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Jan 17, 2013, 05.07 PM IST
In an interview to CNBC-TV18, RP Singh, chairman, National Highway Authority of India (NHAI) gives his views on the road developer projects in the country.
Among the many problems faced by developers including delay in clearances, Singh says the lack of equity is the biggest. "Traffic has come down and there have been some cases where the viability of the project to some extent is affected," he adds.
Singh says that NHAI has asked the Ministry of Environment and Forests (MoEF) to keep them in a loop on clearances of various projects.
Below is the edited transcript of Singh's interview to CNBC-TV18.
Q: In the latest in the resolution of the tussle between National Highway Authority of India (NHAI) and Ministry of Environment and Forests (MoEF), are you able to extract any kind of assurance from the MoEF that they will not link environment clearance to forest clearance?
A: There is no tussle between MoEF and NHAI. Basically, we have been requesting them to take a clarification from the Supreme Court (SC) if required. Our stand has been that Lafarge judgement doesn’t come in the way of environment clearance or forest clearance as NHAI projects are concerned because Lafarge judgement was given in a different context. So most likely, they are veering around our view. In that case, there is no cause of action just for us and if we get a relief from the department itself, we will not like to pursue the court case.
Q: Even if that assurance were forthcoming, that environment clearance will be given before forest clearance in certain cases, are you sure that developers will be satisfied with just that? There are a whole host of clearances and forest clearances included which have been delayed and not come even after the 120 days grace period that they have. That is the situation almost half of the projects are already in grace period and have not got clearances, will that prevent people from walking out?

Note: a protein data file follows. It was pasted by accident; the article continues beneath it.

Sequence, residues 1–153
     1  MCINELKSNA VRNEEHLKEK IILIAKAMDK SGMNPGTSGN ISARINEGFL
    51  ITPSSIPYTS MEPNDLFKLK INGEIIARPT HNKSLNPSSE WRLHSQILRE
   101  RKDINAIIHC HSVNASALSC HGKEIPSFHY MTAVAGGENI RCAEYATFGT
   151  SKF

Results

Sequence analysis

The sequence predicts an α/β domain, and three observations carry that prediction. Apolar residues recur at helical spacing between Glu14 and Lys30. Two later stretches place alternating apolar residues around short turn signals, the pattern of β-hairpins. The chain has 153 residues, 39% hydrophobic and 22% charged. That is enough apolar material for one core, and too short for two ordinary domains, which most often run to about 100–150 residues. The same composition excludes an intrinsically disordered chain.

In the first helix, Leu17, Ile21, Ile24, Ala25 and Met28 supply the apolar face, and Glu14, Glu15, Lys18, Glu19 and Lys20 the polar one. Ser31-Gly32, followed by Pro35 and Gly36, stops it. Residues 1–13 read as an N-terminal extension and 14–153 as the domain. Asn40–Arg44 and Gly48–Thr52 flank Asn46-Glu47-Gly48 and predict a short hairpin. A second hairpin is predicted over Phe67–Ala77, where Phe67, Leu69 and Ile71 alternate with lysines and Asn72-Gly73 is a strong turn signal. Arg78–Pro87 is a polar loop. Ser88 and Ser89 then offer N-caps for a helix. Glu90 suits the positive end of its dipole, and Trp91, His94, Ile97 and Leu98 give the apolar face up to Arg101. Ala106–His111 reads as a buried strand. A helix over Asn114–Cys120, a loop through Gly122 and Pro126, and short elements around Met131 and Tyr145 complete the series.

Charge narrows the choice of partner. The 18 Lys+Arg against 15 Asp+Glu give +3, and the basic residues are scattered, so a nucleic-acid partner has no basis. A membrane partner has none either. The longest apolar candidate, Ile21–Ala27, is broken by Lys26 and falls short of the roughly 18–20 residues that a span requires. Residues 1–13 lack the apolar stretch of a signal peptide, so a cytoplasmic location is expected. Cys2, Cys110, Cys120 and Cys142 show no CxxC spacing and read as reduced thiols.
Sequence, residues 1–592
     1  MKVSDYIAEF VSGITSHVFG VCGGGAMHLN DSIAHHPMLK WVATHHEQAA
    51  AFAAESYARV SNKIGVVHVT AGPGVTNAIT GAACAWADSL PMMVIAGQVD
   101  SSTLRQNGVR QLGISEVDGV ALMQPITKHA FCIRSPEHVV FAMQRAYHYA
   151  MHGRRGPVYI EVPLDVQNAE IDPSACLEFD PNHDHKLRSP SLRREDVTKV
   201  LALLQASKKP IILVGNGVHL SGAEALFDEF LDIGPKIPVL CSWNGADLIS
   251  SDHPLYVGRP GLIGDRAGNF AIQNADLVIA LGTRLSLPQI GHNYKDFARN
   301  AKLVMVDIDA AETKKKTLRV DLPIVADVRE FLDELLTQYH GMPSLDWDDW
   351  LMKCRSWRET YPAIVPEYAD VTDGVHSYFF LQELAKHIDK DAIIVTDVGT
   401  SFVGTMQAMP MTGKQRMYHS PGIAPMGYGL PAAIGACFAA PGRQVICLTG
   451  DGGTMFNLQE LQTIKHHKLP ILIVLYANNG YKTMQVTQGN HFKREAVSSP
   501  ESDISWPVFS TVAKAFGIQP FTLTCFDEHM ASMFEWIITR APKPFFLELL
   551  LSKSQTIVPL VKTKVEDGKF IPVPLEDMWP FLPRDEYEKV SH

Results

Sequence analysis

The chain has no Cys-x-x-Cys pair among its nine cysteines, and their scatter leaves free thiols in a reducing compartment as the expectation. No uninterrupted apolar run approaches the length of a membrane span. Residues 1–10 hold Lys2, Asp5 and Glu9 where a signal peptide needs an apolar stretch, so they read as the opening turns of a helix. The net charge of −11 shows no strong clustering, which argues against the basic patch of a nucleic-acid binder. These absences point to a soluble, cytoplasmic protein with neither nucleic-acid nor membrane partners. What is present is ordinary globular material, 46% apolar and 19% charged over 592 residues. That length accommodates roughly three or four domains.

A: The only problem with most of these cases is the environment clearance. Now that the delinkage has been agreed in principle, I think environment clearance will be issued immediately.
Once that is done, that is the end of the whole issue. The basic problem however, that they are facing is the lack of equity and the cost escalation which has taken place. Traffic has come down and there have been some cases where the viability of the project to some extent is affected. So these are issues which certainly may be in the mind of some of the people but we cannot be held responsible for not completing our part of the job.
Q: You are confirming that the government has in-principle approved the dilution of the forest rights act and once there is a formal notification, your problem in the near-term at least will be solved?
A: As far as forest rights act is concerned, the legal opinion has already come and now environment ministry seems to be veering around our view. They feel that as far as the protected forests which we have developed on the roadside, there are no traditional dwellers in those areas. Therefore, the question of applying foreign rights act to those areas does not arise. Once this clarification comes, that is the end of the whole dispute.
Q: What do you exactly mean by them veering around to your view, will they go back to the court to ask a clarification or are they convinced by your position that the Lafarge argument does not apply here?
A: This is an act, which the Tribal Welfare Ministry was supposed to be enforcing and based on their request, the MoEF has issued a notification. So now that they have accepted our contention and now since everybody is onboard, I think this matter should get resolved in the next few days.
Q: So they will withdraw the notification?
A: They will clarify it, that this forest rights act shall not apply in the protected forest which we have raised.
Q: You expect it in a week; you expect it in a couple of weeks?
A: We expect it any moment; it should come as early as next two-three days.
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